Government Proposes Sweeping Changes to Forestry Rules

Toronto - Today, an alliance of environmental organizations rang the alarm about a series of dramatic changes the Ministry of Natural Resources (MNR) plans to make to the regulation of Ontario's forests. The alliance says that many of the 146 proposed changes will undermine the transparency and public oversight of forest management planning, while others threaten the sustainability of the forest.

Proposed revisions to the Forest Management Planning Manual, one of the Ontario's most important forest regulatory documents, will affect all aspects of forest management in the province for years to come. The revisions give insufficient direction on climate change, provide an inadequate definition of sustainability, and expedite the use of the forest for fuel without addressing the full range of environmental impacts. In addition, the new guidelines will reduce public participation, and the transparency of decision making.

Toronto - Today, an alliance of environmental organizations rang the alarm about a series of dramatic changes the Ministry of Natural Resources (MNR) plans to make to the regulation of Ontario's forests. The alliance says that many of the 146 proposed changes will undermine the transparency and public oversight of forest management planning, while others threaten the sustainability of the forest.

Proposed revisions to the Forest Management Planning Manual, one of the Ontario's most important forest regulatory documents, will affect all aspects of forest management in the province for years to come. The revisions give insufficient direction on climate change, provide an inadequate definition of sustainability, and expedite the use of the forest for fuel without addressing the full range of environmental impacts. In addition, the new guidelines will reduce public participation, and the transparency of decision making.

"The changes are widespread, from reducing the amount of time for important public input to determining management objectives to decreasing the amount of documents that used to be available for pubic review," says Lynn Palmer of Ontario Nature.  "It will become more difficult for the public to engage in the process and to find the information they need to participate in a meaningful way," Palmer adds.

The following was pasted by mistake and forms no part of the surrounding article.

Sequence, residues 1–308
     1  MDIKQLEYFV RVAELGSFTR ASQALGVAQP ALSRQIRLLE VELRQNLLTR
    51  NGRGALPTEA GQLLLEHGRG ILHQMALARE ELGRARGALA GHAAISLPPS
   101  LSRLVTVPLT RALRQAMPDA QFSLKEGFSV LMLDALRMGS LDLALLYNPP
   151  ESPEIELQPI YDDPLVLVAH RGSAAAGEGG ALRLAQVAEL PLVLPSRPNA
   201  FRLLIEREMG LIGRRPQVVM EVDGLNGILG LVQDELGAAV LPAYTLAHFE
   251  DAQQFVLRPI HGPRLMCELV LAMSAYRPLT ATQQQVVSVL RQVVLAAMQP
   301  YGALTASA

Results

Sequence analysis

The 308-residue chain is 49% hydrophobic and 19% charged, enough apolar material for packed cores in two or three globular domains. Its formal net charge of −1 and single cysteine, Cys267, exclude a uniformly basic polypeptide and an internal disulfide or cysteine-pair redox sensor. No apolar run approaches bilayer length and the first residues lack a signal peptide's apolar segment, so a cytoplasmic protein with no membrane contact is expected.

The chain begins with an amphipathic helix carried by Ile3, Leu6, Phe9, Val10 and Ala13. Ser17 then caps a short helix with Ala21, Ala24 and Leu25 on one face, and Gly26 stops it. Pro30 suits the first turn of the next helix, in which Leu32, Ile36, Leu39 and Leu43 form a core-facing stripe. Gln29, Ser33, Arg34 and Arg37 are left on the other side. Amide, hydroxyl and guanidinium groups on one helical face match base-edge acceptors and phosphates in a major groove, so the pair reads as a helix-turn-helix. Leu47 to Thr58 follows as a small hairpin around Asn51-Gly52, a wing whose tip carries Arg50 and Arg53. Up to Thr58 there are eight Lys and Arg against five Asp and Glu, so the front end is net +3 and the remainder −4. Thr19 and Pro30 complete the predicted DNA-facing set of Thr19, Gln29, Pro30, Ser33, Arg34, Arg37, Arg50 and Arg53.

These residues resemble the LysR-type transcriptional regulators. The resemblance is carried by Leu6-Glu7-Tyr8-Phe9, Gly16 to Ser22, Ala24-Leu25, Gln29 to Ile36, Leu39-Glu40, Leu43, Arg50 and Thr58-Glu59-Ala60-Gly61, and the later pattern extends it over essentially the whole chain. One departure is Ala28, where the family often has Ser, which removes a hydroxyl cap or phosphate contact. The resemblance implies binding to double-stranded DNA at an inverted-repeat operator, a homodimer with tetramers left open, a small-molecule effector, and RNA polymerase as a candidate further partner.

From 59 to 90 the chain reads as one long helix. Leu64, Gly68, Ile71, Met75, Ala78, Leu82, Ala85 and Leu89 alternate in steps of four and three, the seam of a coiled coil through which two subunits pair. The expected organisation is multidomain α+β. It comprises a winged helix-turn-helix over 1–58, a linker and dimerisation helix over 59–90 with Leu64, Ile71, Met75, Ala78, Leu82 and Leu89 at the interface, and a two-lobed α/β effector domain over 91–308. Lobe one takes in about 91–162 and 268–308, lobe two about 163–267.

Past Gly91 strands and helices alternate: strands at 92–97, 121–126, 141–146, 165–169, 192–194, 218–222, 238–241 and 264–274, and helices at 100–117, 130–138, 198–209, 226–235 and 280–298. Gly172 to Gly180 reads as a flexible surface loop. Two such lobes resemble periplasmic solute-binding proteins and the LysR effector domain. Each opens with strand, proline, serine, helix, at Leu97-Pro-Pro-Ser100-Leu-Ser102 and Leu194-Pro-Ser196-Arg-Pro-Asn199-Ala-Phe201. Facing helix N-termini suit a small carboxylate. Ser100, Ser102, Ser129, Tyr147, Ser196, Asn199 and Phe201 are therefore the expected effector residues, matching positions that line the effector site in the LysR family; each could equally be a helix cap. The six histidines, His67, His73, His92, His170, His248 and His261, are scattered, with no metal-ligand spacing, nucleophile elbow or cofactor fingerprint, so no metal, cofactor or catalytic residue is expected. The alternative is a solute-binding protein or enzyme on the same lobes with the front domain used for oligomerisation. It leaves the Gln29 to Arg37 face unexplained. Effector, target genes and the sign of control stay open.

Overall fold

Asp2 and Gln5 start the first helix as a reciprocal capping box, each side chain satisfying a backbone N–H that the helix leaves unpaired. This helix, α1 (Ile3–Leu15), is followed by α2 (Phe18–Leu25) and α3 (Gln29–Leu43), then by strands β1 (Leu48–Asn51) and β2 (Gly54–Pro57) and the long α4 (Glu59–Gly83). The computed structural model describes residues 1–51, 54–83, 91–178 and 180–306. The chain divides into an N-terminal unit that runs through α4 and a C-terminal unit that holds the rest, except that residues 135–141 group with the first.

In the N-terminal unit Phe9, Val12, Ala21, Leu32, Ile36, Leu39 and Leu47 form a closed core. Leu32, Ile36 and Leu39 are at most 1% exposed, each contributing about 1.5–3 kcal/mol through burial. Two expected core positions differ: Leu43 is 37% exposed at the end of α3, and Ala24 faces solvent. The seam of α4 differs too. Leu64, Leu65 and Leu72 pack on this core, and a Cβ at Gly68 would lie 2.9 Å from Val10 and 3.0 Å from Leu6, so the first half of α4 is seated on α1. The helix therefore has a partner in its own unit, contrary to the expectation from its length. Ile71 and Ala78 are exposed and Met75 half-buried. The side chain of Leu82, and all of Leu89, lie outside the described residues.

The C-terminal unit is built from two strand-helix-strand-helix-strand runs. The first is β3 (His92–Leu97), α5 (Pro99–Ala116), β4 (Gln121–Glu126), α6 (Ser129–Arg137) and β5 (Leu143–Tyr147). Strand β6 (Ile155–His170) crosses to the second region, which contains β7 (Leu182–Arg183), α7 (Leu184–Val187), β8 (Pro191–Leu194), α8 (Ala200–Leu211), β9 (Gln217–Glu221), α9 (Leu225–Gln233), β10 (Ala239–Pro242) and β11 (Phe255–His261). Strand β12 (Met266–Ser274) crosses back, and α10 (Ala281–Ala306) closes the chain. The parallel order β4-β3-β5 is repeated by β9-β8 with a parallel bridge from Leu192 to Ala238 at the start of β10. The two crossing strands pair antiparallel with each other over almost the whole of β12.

Some of the concerns are fundamental. As former Dean of the Faculty of Forestry and the Forest Environment at Lakehead University, Dr. David Euler explains, "the manual uses a circular definition of sustainability that does little to guide planning. If the targets set by the planning team are achieved, then it is assumed the plan is sustainable. There is no verification of whether or not the set targets are themselves sustainable."

The groups argue that climate change is not sufficiently addressed in the manual.

"Aside from a small note there is no reference to climate change within the guide," explains Brennain Lloyd, of Northwatch.  "We need to see stronger direction from the Province on climate change; there needs to be direction to aid species adaptation and to reduce the release of carbon as a result of forestry operations, but the manual provides no guidance for forest managers."

"The Province seeks increased biofibre production in every region, but we see little within this manual to guide how that harvest of biofuels should move forward," says Trevor Hesselink of CPAWS Wildlands League.  "Without strong direction, our public forests could be mined of their nutrients, compromising future forest renewal."

For Earthroots Forest Campaigner, Carly Armstrong, "it is essential that we do not underestimate the damage these changes will do to the public's ability to influence forest development. Ontarians need to speak out and urge the Province to rethink many of these proposed changes while they still can."

Members of this Alliance include: Earthroots, Northwatch, Ontario Nature and Wildlands League.

For more information please contact Carly Armstrong, Earthroots Forest Campaigner This email address is being protected from spambots. You need JavaScript enabled to view it.

To read background information about this issue on the Environmental Bill of Rights, please click here.